It's a rare sight indeed: a good idea from Research In Motion
One of the few bright spots to come out of Waterloo recently was its BlackBerry Mobile Fusion mobile device management, or MDM, enterprise service. Mobile Fusion is geared toward corporate IT departments looking to manage a slew of various devices, notably including competing smartphone and tablet offerings from Google
The service allows RIM to tap into one of the few remaining strengths it has left, enterprise security software, and apply it to the rising tide of Android and iOS. Gartner's figures for the fourth quarter showed RIM's market share slide from 14.6% to just 8.8% while Android and iOS combined jumped from 46.3% to a monstrous 74.7%.
Mobile Fusion has now officially launched today. It's a strange yet inevitable admission by RIM that it's losing traction in its enterprise and government fortresses that were once unassailable -- especially after RIM took so long swallowing its pride to replace its co-CEOs and co-chairmen when it was abundantly clear to everyone outside the company that the duo needed to go.
Source: RIM earnings releases.
Software and services have been steadily trending higher as a percentage of revenue. Plunging hardware sales surely contribute, but RIM should recognize where its strengths lie. New CEO Thorsten Heins seems to be aware of this, as he signaled that the company is considering software licensing as part of its potential turnaround strategy, which coincides with those Samsung rumors.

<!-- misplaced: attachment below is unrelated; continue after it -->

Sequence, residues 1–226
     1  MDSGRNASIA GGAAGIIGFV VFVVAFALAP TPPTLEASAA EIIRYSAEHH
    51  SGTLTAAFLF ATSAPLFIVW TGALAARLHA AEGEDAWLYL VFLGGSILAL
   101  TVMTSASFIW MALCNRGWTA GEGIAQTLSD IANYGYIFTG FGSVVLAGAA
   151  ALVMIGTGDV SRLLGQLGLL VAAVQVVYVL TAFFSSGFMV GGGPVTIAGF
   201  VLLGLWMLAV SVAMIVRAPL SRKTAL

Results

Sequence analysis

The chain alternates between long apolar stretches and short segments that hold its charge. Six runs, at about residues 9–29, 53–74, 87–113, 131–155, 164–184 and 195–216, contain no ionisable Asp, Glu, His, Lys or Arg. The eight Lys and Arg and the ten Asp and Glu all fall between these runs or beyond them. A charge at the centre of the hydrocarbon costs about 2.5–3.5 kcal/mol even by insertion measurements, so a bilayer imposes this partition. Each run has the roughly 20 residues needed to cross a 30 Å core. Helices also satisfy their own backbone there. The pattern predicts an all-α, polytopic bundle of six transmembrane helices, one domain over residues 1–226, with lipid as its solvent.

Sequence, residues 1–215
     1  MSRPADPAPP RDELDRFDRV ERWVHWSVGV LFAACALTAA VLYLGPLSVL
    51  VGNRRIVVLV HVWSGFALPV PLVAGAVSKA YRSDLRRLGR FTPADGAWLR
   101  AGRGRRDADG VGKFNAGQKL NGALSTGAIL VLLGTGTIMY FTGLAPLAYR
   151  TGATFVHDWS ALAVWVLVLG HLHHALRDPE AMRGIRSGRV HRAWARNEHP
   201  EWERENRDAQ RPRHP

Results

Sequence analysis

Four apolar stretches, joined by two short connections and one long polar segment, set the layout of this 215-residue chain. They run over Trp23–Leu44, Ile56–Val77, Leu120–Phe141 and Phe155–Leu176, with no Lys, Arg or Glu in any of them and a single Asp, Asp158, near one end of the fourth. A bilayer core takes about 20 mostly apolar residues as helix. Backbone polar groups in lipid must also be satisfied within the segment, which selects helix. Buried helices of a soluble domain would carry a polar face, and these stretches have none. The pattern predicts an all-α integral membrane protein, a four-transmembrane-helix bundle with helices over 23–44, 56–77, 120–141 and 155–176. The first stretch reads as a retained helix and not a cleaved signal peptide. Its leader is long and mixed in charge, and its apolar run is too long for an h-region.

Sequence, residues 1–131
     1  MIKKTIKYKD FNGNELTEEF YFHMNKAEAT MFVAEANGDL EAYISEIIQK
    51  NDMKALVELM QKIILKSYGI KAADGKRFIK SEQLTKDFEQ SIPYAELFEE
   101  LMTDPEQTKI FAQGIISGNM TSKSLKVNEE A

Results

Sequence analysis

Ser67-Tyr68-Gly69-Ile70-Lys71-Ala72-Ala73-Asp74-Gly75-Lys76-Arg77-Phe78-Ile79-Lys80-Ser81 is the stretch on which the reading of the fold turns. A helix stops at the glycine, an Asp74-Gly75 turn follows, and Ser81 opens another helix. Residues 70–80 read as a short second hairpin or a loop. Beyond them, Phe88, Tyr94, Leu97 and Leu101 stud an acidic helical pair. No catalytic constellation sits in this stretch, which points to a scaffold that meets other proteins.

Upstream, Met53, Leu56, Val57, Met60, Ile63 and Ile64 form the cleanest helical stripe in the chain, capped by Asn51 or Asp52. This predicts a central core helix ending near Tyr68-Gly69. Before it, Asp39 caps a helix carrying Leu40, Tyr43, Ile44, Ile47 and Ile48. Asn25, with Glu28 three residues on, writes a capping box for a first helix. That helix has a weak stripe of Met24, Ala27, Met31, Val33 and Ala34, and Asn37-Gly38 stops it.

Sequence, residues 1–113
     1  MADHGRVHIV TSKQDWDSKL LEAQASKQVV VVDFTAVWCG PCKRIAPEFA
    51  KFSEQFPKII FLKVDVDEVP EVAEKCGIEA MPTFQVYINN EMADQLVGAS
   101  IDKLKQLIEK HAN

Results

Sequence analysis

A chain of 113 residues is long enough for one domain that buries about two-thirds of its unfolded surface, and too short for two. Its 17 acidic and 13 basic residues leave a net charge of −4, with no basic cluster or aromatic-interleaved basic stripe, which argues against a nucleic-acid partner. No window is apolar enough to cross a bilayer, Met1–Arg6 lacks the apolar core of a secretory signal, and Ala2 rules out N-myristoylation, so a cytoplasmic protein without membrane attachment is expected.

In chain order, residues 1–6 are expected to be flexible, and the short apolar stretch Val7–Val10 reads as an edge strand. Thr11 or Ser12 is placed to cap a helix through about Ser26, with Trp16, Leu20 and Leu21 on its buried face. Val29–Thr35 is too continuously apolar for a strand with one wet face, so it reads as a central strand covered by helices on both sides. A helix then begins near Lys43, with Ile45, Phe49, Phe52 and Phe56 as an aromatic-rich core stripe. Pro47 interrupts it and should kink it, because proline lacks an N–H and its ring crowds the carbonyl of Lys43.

Hardware OEMs already have plenty of OS licensing choices without adding RIM to the mix, but RIM needs to do something posthaste if it has hopes for any type of turnaround, which is clearly what David Einhorn is banking on.
Focus on software and services, RIM. It's your best bet, and Mobile Fusion is at least a step in the right direction.
If RIM's going to pull off a turnaround, it's going to take a long time. In the meantime, there are better ways to capitalize on the mobile revolution. This report names a company that's powering the devices from the inside. Get the free report now.
Fool contributor Evan Niu owns shares of Apple, but he holds no other position in any company mentioned. Check out his holdings and a short bio. The Motley Fool owns shares of Google and Apple. Motley Fool newsletter services have recommended buying shares of Apple and Google and creating a bull call spread position in Apple. The Motley Fool has a disclosure policy. We Fools don't all hold the same opinions, but we all believe that considering a diverse range of insights makes us better investors. Try any of our Foolish newsletter services free for 30 days.